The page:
As the U.S. Congress approved a plan Tuesday to veer away from the “fiscal cliff,” wind energy advocates embraced the bill’s extension of a wind production tax credit that was set to expire at the end of 2012.
The one-year extension of the credit, which gives wind companies a rebate of 2.2 cents for every kilowatt hour produced, would cover all projects that start construction in 2013. The bill awaits President Obama’s signature.
The wind power industry decried the tax credit’s expiration as the end of the year approached, and some companies laid off workers in anticipation. The American Wind Energy Association said that the preservation of the credit will save up to 37,000 jobs, and allow the industry to “keep growing a new manufacturing sector that’s now making nearly 70 percent of our wind turbines in the U.S.A.,” interim CEO Rob Gramlich said in a statement responding to the extension. (See related post: “Wind Industry Fights to Save Tax Credit Before Its Expiration Date.“)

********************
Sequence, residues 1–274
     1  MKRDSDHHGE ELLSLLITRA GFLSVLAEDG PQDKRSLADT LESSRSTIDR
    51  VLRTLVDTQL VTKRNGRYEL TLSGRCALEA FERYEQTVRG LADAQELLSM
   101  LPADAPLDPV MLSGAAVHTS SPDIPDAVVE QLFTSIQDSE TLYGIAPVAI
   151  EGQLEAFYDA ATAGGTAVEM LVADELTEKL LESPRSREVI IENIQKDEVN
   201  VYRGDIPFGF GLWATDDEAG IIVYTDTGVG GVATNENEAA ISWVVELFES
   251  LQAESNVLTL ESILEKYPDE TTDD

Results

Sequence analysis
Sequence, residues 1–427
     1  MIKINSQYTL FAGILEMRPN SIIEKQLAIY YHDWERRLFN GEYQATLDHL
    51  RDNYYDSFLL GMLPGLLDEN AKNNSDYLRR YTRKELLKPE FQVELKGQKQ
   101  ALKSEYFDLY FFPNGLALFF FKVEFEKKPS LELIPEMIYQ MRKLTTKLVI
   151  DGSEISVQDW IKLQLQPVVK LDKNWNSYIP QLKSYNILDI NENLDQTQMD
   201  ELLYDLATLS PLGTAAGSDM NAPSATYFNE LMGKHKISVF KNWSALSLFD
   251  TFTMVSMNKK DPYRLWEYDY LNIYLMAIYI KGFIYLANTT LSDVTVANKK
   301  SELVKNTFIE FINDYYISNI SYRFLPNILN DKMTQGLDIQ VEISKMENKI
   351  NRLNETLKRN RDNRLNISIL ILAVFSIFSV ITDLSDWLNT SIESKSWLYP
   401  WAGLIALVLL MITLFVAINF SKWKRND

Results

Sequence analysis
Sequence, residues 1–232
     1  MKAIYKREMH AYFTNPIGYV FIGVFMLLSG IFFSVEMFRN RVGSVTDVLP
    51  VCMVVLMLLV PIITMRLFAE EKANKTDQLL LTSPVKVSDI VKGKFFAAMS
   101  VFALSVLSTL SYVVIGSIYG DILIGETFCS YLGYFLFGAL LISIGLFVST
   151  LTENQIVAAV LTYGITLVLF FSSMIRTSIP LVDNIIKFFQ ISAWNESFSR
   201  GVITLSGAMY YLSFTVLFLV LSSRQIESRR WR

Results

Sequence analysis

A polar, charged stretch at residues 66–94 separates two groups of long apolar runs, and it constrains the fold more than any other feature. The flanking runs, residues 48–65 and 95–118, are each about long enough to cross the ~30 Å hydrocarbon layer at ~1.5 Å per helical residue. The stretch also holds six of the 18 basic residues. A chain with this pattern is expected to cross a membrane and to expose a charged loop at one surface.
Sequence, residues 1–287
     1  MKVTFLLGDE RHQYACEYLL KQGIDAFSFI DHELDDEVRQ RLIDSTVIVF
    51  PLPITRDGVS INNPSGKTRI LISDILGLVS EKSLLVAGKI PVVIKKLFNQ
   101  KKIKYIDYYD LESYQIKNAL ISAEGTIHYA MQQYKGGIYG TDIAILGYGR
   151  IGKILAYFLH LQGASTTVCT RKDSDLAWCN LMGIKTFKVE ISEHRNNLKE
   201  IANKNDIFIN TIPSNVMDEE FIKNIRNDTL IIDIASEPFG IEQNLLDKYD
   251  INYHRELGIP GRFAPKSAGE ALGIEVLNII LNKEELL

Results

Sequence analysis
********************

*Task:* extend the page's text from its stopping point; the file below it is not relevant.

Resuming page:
Critics of the credit, including Sen. Lamar Alexander (R-Tenn.), argue that the cost, which is estimated at $1.2 billion per year over 10 years, is both too high and unnecessary. But the credit did have bipartisan support led by Sen. Mark Udall (D-Colo.), Sen. Charles Grassley (R-Iowa), and others in states with a stake in the wind industry’s growth.
Wind power accounted for 3 percent of all U.S. electricity generation in 2011, according to the Energy Information Administration. A 2008 report by the Department of Energy laid out a scenario envisioning 20 percent wind power generation in the U.S. by 2030, a goal it said was “ambitious,” but “feasible” if certain challenges, including necessary upgrades to the electric grid and turbine manufacturing growth, are addressed. (See related post: “As U.S. Eyes Offshore Wind Development, Whales Get New Protections.“)